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February 2nd, 2008, 16:36
@BroNone

Here Here! Well said. Bravo! Usually I'm at odds with your approach but I agree with the both your sentiment and the details you esouse here.



Originally Posted by Dhruin View Post
With regards to the topic, a diversity of choices is a good thing, so if developers can find new directions to take their RPGs that open new roleplaying opportunities, I'm all for it. That said, I firmly believe the "classic" model is still the best when properly exploited and it expands the roleplaying options rather than limits them.

And Ed de Castillo sounds like a walking next-gen action advertisement. Lots of flash - time will tell on the substance.

I agree that video games are a visual medium but (currently) there are restrictive practical limits on content creation, so the insistence that a game have high visual fidelity is obviously a strength for what most people call "immersion" but a limitation on the number of possible options and interactions. I can't scale walls to enter an upper window in most games because the additional animations and so on are just too much work for little payoff, but I can easily have as many text based options as the designer wishes to imagine. I'm not suggesting games should abandon nice graphics and only rely on text but some of the old techniques have advantages for this genre in particular.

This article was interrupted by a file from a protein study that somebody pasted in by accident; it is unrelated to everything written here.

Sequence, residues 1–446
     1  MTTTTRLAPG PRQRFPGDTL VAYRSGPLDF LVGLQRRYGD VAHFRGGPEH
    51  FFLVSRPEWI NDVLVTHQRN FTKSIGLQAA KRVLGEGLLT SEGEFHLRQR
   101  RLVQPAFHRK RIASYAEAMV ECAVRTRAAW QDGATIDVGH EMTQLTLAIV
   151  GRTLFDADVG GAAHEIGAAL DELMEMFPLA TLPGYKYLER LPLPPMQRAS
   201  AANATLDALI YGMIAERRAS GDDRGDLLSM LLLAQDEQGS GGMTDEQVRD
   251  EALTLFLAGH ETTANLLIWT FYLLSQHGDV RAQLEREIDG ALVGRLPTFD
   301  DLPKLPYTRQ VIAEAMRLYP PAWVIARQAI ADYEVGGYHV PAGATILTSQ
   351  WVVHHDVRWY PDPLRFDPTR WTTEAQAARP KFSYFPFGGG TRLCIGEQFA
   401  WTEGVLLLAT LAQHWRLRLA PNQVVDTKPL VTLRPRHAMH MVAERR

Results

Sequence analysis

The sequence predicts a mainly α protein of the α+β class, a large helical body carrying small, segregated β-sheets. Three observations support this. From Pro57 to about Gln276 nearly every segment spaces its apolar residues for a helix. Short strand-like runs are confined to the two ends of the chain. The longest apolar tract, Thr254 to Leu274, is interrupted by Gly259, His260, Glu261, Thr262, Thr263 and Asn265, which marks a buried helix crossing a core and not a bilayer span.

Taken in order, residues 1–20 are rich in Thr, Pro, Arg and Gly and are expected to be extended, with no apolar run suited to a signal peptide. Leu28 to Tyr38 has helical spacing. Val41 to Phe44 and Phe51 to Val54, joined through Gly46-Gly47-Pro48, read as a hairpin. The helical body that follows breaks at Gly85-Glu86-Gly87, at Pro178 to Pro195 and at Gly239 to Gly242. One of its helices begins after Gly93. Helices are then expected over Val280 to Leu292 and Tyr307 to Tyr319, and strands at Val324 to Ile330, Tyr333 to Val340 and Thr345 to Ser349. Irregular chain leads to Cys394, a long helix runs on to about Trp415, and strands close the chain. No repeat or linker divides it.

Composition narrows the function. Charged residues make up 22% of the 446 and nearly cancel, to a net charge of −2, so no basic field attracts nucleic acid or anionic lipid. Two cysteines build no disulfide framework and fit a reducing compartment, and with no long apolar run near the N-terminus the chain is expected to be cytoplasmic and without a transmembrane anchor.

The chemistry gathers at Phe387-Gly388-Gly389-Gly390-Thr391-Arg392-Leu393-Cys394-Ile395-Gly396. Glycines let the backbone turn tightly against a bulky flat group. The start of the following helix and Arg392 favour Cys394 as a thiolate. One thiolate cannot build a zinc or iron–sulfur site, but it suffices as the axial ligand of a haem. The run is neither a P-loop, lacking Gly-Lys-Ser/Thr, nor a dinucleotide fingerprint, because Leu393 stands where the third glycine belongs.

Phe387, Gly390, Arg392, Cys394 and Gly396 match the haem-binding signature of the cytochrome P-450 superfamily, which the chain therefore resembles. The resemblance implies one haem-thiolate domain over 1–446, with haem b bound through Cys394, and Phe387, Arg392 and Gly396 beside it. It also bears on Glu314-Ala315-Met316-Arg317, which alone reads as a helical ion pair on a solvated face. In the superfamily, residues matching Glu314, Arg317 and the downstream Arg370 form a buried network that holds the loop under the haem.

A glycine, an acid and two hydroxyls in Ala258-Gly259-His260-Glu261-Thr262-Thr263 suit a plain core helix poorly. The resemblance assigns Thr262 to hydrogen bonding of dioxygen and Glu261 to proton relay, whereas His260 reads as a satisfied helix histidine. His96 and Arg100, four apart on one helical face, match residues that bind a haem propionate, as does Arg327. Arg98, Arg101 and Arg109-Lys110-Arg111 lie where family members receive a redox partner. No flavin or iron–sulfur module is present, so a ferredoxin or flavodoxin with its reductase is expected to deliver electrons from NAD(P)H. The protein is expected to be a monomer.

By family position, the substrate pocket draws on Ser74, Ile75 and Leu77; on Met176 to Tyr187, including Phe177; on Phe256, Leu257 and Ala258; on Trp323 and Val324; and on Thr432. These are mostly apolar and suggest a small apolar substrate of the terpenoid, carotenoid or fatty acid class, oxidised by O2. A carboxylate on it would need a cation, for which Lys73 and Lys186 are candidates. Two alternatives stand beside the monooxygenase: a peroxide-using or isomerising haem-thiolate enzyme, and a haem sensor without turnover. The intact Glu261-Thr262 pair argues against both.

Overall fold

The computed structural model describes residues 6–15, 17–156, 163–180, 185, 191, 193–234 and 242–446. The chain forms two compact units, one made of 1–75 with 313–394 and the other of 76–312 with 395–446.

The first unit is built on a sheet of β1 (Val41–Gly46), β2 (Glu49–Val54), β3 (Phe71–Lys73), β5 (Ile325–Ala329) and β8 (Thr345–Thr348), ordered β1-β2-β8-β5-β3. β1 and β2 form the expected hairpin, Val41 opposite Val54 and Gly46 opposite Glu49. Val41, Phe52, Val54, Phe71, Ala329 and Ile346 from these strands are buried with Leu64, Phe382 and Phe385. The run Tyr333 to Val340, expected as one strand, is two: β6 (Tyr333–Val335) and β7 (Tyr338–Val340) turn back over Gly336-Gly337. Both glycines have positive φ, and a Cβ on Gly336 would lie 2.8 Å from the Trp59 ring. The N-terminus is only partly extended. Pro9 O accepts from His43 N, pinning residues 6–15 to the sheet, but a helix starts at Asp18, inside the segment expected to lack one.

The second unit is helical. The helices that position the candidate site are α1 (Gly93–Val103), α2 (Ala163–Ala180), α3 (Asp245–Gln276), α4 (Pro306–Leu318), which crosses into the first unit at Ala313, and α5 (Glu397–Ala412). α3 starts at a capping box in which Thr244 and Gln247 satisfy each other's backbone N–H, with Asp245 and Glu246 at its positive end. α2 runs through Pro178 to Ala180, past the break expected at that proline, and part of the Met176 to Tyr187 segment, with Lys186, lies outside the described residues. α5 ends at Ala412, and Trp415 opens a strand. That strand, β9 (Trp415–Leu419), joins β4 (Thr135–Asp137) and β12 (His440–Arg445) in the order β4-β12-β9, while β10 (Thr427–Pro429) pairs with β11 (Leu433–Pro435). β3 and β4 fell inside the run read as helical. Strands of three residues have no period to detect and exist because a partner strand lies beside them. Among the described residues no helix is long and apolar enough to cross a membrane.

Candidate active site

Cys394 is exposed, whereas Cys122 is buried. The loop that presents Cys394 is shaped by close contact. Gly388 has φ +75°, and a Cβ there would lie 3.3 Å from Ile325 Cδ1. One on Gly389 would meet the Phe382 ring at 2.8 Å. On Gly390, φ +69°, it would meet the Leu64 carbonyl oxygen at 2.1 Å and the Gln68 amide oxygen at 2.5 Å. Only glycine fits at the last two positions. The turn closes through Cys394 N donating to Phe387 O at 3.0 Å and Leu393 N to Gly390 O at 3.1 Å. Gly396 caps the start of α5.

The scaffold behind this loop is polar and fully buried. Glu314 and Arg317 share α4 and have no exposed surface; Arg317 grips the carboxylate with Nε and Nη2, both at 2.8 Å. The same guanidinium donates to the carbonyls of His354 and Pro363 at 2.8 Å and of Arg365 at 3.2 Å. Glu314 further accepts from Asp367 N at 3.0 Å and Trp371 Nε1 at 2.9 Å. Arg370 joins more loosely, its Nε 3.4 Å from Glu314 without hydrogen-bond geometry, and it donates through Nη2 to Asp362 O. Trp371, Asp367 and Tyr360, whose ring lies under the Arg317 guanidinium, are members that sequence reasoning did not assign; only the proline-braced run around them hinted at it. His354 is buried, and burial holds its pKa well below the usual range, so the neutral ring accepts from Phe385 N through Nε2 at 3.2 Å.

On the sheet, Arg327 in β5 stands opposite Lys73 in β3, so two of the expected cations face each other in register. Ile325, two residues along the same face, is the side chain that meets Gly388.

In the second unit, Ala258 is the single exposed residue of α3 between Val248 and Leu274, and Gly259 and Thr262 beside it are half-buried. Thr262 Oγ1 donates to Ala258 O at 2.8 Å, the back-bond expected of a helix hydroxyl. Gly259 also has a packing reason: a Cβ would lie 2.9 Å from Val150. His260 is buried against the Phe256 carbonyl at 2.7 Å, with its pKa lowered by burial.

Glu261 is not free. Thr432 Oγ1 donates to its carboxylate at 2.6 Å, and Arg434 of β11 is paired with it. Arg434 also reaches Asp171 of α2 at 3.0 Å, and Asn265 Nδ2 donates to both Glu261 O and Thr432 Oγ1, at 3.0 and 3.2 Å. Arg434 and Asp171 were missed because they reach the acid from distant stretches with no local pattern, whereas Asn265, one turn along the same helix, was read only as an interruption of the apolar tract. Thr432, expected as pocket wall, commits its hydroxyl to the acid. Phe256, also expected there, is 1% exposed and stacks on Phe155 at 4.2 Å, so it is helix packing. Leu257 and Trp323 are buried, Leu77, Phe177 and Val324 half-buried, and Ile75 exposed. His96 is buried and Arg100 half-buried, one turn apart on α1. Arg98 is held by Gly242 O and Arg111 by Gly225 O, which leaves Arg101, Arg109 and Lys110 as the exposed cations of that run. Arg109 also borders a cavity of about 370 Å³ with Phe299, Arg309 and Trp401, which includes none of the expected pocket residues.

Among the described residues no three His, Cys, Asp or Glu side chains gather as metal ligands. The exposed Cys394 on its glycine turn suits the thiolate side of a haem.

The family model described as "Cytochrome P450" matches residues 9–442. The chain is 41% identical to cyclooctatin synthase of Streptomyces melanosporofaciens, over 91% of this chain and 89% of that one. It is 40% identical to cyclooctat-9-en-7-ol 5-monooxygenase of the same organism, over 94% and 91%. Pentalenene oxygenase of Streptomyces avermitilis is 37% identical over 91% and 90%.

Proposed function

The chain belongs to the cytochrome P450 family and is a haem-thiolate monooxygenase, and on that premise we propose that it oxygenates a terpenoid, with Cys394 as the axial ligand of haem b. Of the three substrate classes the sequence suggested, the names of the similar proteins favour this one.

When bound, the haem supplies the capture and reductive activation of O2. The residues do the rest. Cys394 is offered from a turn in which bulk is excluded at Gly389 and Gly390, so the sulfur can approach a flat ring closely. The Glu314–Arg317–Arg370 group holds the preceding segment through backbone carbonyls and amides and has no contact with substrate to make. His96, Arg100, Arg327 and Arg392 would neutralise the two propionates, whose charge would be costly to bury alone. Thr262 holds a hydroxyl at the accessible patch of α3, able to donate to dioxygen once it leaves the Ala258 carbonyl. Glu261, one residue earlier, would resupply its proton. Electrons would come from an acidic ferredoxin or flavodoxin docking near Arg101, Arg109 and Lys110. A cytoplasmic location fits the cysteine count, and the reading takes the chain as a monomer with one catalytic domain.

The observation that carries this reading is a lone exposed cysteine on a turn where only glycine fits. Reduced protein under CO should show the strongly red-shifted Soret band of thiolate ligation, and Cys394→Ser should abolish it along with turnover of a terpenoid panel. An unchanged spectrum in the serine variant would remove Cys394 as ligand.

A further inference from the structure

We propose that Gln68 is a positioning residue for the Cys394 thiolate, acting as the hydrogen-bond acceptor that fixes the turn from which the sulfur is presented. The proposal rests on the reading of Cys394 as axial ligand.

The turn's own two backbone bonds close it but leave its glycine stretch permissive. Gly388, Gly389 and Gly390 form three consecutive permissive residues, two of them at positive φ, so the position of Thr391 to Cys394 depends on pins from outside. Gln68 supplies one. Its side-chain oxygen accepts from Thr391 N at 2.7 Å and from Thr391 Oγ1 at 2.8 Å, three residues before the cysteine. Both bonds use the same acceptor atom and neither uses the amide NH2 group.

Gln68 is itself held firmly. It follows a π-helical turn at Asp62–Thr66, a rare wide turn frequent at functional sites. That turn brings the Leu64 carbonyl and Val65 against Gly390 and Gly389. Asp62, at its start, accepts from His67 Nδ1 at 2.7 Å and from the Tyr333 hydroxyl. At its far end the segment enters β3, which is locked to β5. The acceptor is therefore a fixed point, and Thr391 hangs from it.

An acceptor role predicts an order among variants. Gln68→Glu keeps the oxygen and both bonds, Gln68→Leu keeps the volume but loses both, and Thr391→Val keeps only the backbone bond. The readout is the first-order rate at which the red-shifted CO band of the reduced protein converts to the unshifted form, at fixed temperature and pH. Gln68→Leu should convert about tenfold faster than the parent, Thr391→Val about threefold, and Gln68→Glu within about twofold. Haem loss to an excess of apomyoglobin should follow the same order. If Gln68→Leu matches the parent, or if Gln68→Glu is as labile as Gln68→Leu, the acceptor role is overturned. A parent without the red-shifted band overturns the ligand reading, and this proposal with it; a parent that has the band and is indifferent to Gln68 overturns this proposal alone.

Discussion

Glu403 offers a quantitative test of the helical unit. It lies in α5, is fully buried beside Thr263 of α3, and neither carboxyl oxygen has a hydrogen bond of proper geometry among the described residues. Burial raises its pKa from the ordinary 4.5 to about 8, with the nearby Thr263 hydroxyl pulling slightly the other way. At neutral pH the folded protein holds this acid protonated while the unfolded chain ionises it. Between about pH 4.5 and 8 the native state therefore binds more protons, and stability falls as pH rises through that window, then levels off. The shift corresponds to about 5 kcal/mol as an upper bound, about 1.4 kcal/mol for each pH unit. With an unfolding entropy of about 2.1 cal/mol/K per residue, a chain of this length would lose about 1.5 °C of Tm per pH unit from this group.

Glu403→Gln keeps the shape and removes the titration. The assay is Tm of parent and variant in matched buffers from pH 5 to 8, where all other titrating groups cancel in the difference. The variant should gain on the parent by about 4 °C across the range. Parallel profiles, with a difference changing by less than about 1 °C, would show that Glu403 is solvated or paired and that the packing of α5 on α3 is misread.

Exactly. Developers who are being trained in the next shiny have not had any interest in the mechanics of such games for decades. The first time these were around such games were just being introduced. Now we have a generation of devs that only watched movies and played twitch arcade games and consoles.

They seem to be be inspired by the themes and the sales figures of these kinds of games they seem to despise the mechanics and think the technology is there to dismiss it altogether.

Bioware did an about face a few years ago when they teamed up with the Unreal group to create an RPG layer for the engine. I think the results are less than stellar (if anything at all) but FPS are drastically missing depth. In my Applications Programming class my main guy loved working with the NWN engine. He was an expert with Unreal and was starting to feel extremely limited in that you could only create graphics and mazes for it.